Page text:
He has encouraged them to rather focus on demanding for accountability and true service.
Speaking at the 2018 African Development and Investment Convention (ADIC) on the topic “Africa Rising- Lacing Politics, Industry and True Partnership for Sustainable Development”, in Zurich, Switzerland, Mr Hosi said the eagerness to flaunt political power was too common a sight in Africa, adding that it was despairing in the quest for an industrial Africa.
“The worship of politicians must stop and the demand for accountability and true service must rise in Africa, especially from its middle class.
“Politicians must realise that public service is not a Chiefdom. Electorates do not queue in the scorching sun to vote them into power to be lorded over.
“The electorate or the citizen risk so much to cast their ballot because they need to be served, their common interests placed above individual, parochial or partisan interests,” he continued.
He noted that the biggest hindrance of Africa was its weak policymaking and weak institutions, which were also superintended by poor leadership.
Mr Hosi said Africa needed strong and effective institutions to attract the needed capital to spur its industrialisation and not the current trend of excessive politicisation and tribalisation of institutions.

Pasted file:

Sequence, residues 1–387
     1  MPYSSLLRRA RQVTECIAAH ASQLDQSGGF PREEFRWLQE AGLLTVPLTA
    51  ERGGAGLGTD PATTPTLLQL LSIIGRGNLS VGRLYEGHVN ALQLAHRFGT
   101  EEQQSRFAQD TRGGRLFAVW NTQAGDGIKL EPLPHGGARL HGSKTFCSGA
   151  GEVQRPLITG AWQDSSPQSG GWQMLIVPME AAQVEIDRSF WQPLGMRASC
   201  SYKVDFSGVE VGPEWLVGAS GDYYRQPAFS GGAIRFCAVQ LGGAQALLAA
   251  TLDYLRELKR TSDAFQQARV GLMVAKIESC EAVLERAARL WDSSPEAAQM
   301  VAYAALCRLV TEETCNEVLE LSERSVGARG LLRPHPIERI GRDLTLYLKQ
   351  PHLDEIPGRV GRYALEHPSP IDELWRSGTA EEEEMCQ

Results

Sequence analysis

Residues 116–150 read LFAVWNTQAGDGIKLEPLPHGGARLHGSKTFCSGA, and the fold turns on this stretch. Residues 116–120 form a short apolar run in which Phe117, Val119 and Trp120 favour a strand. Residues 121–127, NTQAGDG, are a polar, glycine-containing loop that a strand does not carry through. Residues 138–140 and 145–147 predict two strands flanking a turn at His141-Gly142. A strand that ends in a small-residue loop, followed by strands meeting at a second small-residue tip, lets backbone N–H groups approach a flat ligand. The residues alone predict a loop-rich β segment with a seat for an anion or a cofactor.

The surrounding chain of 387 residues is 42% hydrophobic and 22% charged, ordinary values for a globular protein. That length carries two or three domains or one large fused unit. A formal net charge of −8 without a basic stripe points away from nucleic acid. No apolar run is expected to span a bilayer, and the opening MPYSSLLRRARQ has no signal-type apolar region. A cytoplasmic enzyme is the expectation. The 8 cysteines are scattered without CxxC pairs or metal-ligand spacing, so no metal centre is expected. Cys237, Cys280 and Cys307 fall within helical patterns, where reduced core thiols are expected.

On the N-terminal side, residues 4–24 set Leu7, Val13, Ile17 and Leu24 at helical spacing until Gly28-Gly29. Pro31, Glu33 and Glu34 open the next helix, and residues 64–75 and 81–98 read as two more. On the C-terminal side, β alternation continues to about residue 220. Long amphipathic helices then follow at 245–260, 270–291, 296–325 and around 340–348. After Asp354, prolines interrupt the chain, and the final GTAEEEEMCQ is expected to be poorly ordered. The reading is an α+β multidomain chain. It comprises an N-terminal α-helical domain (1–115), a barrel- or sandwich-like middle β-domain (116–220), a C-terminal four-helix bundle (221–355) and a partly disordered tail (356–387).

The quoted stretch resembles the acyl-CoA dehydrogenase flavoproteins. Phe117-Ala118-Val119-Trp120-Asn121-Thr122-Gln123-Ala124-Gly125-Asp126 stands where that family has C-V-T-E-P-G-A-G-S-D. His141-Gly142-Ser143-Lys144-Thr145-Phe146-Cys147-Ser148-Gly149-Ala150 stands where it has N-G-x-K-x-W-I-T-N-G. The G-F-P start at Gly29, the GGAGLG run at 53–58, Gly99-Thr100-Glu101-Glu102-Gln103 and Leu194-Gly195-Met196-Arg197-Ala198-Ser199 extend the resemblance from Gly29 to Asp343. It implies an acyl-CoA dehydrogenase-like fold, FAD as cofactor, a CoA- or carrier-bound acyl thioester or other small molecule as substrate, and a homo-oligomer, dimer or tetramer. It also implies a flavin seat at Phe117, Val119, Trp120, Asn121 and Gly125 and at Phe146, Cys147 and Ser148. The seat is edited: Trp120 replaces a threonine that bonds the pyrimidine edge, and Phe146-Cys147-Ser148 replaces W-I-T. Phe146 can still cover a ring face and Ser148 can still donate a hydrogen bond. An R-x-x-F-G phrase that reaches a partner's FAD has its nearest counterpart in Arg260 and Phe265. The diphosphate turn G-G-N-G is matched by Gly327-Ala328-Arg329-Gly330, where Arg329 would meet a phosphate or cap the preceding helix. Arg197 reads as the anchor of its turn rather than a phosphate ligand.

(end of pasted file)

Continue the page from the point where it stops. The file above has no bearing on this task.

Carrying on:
He also indicated that the desired investment flow to Africa was hindered by the short-term view investors hold for Africa due to political risks and from the politicisation of institutions such as central banks, regulators and state-owned enterprises.
“These weaknesses translate into the inconsistency and arbitrariness of policy, infringements on the sanctity of contracts and distortion of markets.
“It is no wonder that only one African country – Mauritius – has been ranked in the top 50 most competitive countries in the world out of 137 countries according to the World Economic Forum (2017-2018) and just about ten in the top 100”, he added.
Mr Hosi noted that Africa’s openness to do business has also not been any prettier, adding that, “out of 190 countries usually ranked on the World Bank's Ease of Doing Business Report, Africa performs sub-optimally. In the 2018 report, Africa has only one nation ranking amongst the top 50 and just seven countries in the top 100.”